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DIY Arduino BMS
Potential issues I see:

* If the fuse for cell#1 blows, and the cell#2 "above" is in bypass mode, the ATiny13#1 chip could be exposed to up to 8.4V? A zener diode to limit the max voltage to a safe limit might be in order. Though that will overheat in short order... but voltage#1 will increase and bypass#1 should activate...
At the same time ATiny#2 would crash due to low voltage... Good luck figuring that out :-(

* Doesn't the ATiny13 chip need a VCC-GND capacitor near it? Esp if you need to accurately measure VCC?

* With the ATiny13 IO driving the MOSFET, a pull down resistor is probably no longer needed
elkooo likes this post
Modular PowerShelf using 3D printed packs.  40kWh and growing.
A youtube guy @Adam Welch did his own custom BMS for a 7s lithium battery bank - there are several youtubes and follow up with interesting problems. It also supports full graphical monitoring.

Here's a recent one: A year with the diyBMS
Here's an earlier one: diyBMS - Provisioning and Calibrating - 12v Solar Shed

and there are more going thru the whole process and electrical diagrams.

I'm doing Batrium as this kind of electronics is beyond me, but @Adam Welch seems like a serious, electrical circuit guy and his efforts seem like a pretty sophisticated solution for those wanting to wire up their own.
elkooo likes this post
(10-04-2019, 01:29 AM)OffGridInTheCity Wrote: @Adam Welch seems like a serious, electrical circuit guy and his efforts seem like a pretty sophisticated solution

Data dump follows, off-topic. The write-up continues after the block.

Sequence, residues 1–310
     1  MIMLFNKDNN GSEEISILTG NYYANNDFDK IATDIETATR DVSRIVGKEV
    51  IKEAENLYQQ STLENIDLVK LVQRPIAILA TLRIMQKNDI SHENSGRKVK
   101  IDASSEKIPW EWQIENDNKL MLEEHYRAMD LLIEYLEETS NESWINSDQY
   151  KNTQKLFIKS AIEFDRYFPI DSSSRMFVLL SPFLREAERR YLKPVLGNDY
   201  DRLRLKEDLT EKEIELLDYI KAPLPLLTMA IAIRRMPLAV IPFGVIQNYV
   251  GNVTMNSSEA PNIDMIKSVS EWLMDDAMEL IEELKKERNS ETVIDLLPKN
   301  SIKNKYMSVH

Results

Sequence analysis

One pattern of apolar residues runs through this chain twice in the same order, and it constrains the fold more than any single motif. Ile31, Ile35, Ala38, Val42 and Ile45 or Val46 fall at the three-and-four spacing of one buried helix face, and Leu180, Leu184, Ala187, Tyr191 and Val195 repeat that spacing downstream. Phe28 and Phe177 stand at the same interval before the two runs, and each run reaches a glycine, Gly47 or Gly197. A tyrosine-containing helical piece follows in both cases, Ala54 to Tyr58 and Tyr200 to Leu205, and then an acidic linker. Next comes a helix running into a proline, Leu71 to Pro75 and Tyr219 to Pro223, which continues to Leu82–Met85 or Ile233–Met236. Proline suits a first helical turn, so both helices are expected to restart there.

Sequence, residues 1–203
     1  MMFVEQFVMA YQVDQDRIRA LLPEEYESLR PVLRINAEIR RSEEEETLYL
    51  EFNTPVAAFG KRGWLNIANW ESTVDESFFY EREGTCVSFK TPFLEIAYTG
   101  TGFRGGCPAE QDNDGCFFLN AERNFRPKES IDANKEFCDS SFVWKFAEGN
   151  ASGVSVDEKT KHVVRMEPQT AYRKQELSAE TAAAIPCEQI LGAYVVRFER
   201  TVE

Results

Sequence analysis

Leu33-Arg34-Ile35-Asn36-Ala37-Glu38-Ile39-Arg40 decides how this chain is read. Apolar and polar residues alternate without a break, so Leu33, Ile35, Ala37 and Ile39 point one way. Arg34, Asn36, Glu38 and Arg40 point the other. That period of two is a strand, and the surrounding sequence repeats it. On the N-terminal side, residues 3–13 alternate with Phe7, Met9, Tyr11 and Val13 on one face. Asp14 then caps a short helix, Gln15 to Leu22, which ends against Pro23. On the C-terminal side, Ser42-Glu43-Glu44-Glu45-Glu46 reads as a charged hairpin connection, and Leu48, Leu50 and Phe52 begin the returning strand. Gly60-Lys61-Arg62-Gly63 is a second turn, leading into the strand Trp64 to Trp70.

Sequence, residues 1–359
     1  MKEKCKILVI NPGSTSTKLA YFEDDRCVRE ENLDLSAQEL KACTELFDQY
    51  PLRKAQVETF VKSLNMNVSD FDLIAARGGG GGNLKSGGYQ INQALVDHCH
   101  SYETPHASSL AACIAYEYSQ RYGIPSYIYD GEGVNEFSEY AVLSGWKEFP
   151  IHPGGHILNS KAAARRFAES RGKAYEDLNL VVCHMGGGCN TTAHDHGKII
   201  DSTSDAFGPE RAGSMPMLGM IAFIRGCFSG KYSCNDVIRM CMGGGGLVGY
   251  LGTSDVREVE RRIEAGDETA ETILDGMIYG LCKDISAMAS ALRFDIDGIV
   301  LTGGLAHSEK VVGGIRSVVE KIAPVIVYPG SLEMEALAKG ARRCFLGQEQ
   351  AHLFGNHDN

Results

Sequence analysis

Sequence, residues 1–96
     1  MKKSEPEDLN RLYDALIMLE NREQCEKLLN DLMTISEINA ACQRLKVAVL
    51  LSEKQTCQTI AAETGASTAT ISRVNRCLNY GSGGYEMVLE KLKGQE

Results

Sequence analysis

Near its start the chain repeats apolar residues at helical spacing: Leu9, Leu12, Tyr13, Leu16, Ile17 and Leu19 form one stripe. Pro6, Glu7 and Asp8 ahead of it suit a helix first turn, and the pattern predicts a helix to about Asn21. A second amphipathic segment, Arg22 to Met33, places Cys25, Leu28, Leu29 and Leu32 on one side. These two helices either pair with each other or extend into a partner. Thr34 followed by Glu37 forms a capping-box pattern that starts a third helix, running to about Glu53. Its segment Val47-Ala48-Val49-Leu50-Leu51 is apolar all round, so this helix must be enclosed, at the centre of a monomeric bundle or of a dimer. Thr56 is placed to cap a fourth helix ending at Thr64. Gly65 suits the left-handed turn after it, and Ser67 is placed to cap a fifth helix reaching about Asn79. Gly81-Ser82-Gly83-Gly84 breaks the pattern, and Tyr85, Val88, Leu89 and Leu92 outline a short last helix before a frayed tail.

This is also stuart pittaways BMS. It is for sure interesting BUT I will learn more doing it the hard way from scratch (also it is easier for me to learn if I start from zero rather than reading countless documents of specification of a already grown / built project).

(10-03-2019, 11:33 PM)ajw22 Wrote: Potential issues I see

Really good points. Idea
Concerning fuses: the easiest solution might just be two fuses for each bord or separate leads to the boards to solve the problem.
This way, each BMS-Board would probbably work isolated? If one fuse blows, the next board is still connected correctly and should not see more than the actual cell voltage.

Concerning Condensators: added & understood... 

PullDown: maybe a large value resistor will be better than none? Leave it for now but I'll keep your remark in mind...

Also I had some mistakes with resistors / missing pulldowns which I corrected... see attached updated drawings..

ajw22 likes this post
Those ATtiny13 measuring/balancing modules are going to be 14x separate boards sitting on each cell pack, like with Batrium, right?
I think you can just fuse each positive side, and remove the negative side fuse.

How about adding a 5V fan in parallel with your balancing resistor? Wastes more power, and cools the resistor all at the same time.

Some of the ATtiny13 IO ports have internal pull-ups. You could reduce hardware and wiring by enabling that for the RX.

You may want to add a button and signaling LED to make the boards more admin friendly.
The button could be used to program the position of the device (#1~#14). You could hard program that, but long term a button will be more convenient.
And the LED to help locate the offending pack. It quickly gets confusing with multiple strings of 14 packs. How many hours I've wasted fixing a perfectly healthy pack, while the faulty pack was sitting one shelf below :-(
Modular PowerShelf using 3D printed packs.  40kWh and growing.